The cities we lost

What lessons can the Eastern Mediterranean’s once-cosmopolitan cities teach us about our strife-torn present?

Between the 1800s and 1950s, the Levant's port cities were beacons of trade and French-style Westernisation, writes Athanasiadis [AFP]

On a recent trip to Alexandria, I bumped into a Greek author of Alexandrian origins at a quaint waterfront patisserie. Over the course of our conversation, it became clear that unlike the majority of Greeks and other minorities that constituted this once pan-Mediterranean city, he chose to stay in Alexandria.

But his pacing the streets of its modern incarnation didn’t imply his being there; rather, this man inhabited a labyrinthine time-capsule of recollections that insulated him from modern Alexandria’s overcrowding, ugliness, pollution and demolition of its historical buildings.

His reason for remaining, even while absenting himself, was compelling: His leftist father dedicated his life to fighting for Egyptian independence from the colonial British. After leading a sailors’ revolt demanding better rights, the author’s father ended up fleeing British-administered Egypt for Moscow, and was subsequently transferred to Tashkent where he expired sometime in the early 1960s. He never saw his beloved Alexandria again.

His son kept the links with his father’s city, spending many months every year in districts whose past inspired him to commit acts of literature. But his generation of sixty-something Armenians, Greeks, Italians and Jews – childhood friends, business partners, sweethearts – suffered the most from Gamal Abdel Nasser’s socialist revolution and the nationalist liberationist movements that swept the region, the same result his father had strived for.

Elsewhere in the region, Levantine cosmopolitanism was stifled by Kemal Ataturk’s Turkification policies, Baathist Arab nationalism and the fallout from the creation of Israel. Cities such as Alexandria, Smyrna (Izmir), Beirut, Selanik (Thessaloniki) and Constantinople (Istanbul) shrivelled. Today there is no boat service from Alexandria to Beirut or Istanbul, let alone from Izmir to Thessaloniki.

French-style Westernisation

Between the 1800s and 1950s, the Levant’s port cities were beacons of trade and French-style Westernisation: Akin to 19th century Dubais and Dohas, only with an all-important additional layer of cosmopolitanism contributed by the lively mixture of ethnic and religious minorities – Armenians, Circassians, Greeks, Jews and others – coexisting under Ottoman suzerainty. Seaborne trade connected them, lessening their dependence on surrounding hinterlands.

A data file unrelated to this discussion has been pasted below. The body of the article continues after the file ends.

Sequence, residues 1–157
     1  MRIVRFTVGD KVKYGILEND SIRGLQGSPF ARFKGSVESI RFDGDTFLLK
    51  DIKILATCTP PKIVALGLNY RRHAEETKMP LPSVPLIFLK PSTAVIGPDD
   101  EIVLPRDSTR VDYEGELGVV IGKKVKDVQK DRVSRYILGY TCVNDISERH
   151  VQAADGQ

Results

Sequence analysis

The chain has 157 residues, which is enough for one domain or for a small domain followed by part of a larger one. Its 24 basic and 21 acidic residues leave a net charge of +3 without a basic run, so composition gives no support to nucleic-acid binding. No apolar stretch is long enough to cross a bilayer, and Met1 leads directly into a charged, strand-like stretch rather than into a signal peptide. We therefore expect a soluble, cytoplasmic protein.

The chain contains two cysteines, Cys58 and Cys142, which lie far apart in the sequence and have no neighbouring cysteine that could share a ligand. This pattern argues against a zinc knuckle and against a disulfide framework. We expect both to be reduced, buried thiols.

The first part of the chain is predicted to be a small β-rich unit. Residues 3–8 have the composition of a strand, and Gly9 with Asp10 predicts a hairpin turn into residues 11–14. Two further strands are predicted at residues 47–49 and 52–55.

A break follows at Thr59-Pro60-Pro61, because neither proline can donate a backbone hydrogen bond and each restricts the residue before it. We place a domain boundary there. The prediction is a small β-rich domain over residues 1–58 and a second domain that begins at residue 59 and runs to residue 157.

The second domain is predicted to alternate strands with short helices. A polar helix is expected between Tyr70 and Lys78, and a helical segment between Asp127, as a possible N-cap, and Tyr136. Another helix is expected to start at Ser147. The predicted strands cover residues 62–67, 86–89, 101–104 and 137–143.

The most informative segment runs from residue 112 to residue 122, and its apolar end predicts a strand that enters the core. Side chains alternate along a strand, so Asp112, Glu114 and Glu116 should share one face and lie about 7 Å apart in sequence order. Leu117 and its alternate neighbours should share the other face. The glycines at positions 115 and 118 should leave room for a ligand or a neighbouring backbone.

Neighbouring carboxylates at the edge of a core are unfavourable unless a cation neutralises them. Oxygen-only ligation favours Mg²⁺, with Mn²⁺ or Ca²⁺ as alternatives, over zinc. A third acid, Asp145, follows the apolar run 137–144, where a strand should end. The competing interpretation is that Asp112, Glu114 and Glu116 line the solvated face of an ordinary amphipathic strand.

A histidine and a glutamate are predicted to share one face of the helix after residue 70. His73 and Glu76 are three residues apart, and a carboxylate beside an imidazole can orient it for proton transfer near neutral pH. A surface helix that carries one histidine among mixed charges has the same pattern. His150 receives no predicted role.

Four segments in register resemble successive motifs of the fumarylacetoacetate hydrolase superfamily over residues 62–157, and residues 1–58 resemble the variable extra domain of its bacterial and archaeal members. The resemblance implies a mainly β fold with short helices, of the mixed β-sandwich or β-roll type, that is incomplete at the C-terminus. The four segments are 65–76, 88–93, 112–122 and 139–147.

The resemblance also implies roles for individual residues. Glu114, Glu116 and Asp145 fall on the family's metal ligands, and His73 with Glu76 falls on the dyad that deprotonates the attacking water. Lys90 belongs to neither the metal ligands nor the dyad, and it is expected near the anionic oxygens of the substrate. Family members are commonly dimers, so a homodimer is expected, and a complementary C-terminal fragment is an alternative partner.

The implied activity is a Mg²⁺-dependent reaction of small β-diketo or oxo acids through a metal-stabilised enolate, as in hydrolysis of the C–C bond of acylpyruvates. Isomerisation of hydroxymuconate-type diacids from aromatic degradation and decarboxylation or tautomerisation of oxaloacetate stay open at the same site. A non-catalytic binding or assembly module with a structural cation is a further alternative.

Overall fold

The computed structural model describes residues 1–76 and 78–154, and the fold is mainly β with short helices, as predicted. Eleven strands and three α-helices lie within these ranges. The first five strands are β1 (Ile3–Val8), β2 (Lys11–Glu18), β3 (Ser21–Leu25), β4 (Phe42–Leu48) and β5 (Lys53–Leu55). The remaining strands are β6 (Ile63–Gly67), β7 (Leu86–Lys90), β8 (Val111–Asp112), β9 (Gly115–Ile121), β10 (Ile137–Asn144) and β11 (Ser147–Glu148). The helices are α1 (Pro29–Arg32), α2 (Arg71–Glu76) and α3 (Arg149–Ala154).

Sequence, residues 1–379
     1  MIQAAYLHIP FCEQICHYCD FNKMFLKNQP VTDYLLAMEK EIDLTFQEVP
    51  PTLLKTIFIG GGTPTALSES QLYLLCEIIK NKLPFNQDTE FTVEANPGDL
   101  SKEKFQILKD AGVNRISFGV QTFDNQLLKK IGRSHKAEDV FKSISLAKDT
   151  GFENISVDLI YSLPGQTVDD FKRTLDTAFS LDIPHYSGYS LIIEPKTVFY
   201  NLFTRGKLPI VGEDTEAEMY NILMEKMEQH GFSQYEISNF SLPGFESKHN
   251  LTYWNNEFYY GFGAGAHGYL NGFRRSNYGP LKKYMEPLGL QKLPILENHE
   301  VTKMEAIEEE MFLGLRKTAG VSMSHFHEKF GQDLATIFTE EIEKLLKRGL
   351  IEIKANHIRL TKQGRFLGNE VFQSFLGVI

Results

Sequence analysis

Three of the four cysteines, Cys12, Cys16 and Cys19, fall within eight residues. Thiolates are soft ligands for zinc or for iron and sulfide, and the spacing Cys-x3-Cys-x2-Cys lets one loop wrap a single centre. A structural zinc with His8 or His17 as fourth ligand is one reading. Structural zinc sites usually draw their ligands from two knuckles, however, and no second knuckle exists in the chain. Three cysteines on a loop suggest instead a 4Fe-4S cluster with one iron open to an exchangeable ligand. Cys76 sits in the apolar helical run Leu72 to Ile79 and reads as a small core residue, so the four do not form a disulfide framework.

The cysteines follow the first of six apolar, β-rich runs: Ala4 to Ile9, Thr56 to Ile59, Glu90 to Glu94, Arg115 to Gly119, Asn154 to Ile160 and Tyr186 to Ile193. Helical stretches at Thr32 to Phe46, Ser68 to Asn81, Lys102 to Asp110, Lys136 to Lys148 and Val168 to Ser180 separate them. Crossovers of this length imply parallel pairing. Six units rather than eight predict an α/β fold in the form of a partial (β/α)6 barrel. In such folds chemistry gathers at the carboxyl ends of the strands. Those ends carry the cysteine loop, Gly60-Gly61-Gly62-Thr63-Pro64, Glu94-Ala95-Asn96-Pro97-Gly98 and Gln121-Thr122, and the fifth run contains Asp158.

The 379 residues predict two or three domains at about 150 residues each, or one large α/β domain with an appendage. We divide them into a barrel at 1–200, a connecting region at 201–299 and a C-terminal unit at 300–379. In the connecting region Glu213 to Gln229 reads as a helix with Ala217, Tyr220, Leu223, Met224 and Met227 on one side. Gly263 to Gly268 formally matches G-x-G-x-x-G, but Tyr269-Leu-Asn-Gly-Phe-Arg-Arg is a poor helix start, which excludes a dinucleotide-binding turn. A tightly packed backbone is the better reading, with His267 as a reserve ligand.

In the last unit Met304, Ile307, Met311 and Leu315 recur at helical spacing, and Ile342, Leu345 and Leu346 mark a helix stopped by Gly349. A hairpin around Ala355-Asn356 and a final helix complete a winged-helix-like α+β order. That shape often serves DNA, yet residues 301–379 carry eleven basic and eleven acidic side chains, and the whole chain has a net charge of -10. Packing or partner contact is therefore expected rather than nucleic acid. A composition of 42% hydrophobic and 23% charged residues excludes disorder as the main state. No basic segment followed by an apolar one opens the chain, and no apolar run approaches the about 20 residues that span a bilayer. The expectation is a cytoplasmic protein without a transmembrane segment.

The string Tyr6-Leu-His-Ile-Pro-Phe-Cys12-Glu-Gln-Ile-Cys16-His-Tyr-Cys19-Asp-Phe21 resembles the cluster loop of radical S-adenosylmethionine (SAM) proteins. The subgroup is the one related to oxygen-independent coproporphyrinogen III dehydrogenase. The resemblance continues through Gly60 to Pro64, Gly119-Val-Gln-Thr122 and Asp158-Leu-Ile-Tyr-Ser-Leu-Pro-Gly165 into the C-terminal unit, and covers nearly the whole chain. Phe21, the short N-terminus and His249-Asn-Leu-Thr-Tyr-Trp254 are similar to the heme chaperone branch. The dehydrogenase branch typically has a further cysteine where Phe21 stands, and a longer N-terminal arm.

But following the Empire’s collapse in the 20th century, their historical trajectories diverged. As nationalism claimed these cities into the newly-emergent Greek, Turkish, Egyptian and Lebanese states, imperial Istanbul sunk into a Republican hangover; bustling Selanik was turned from the port of the Balkans and the biggest Jewish city in Europe into the Greek state’s second city; aristocratic Alexandria slid into socialist neglect; while Beirut suffered the worst fate as it was literally taken hostage by the new states and wrecked in a classic proxy war. 

As for Smyrna and Salonica, they were some of the first cities to lose their character: Smyrna was burned in 1922 by a victorious Turkish army at the conclusion of a failed attempt by a Greek army to seize Byzantium’s historical expanse; Salonica’s identity went through successive degradations by the intentional dismantling of Ottoman and Jewish heritage in the aftermath of the city’s 1912 reconquest by the Greeks (who until then had been a minority of 40,000 in a population of 160,000), then by the Nazi occupation and finally by the cementification that marked Greece’s urbanising years.

And the erasing of memory continues. In November of last year, during a walk in Alexandria’s historical centre, al-Zahraa Adel Awad, an activist who runs a Facebook page on Belle Epoque Alexandria, pointed out a rickety wooden house of at least centennial vintage, telling me it was one of the city’s last Ottoman houses.

“Take a good look at it,” she advised. “It might not be here on your next visit.”

Demolition of memories?

But sad as the demolition of elegant buildings may be, why should the passing of these cities’ memories matter? Doesn’t nostalgia only self-indulgently cater to a small minority of has-beens? Isn’t it insensitive, at a time when we are witnessing the Middle East’s turbulent times, to concern ourselves with the bricks and mortar left behind by a community of outsiders?

The nationalist education that we all received in our schools was fashioned in such a way as to define ourselves according to narrow ethnic and religious definitions, or against common foes, rather than visualising us as richly textured components of one harmonious regional, historic tapestry.

Shouldn’t we focus instead on the political and economic crises in Turkey and Greece or the strife in Syria, Egypt, Iraq, Libya and elsewhere that collectively has claimed hundreds of thousands of dead over the past few years? Haven’t the power vacuums created by the Arab Spring resulted in loss of life, environmental collapse and the looting or destruction of Ottoman, Mamluke, Byzantine and Hellenistic heritage of far greater historical value than a few 19th century bourgeois buildings?

Why cry over the eradication of an era that is anyway irretrievably extinct?

I believe we should care because the story of how the cosmopolitan era ended allows us to uncover the threads of the narrative that brought us to the current precipice: A largely homogenised region facilitated by the expulsion of minorities and fostering of so-called “pure” Turkish, Greek or Arab nations. But rather than ending strife and dysfunction, the policies of chauvinism, among other factors, reinforced them.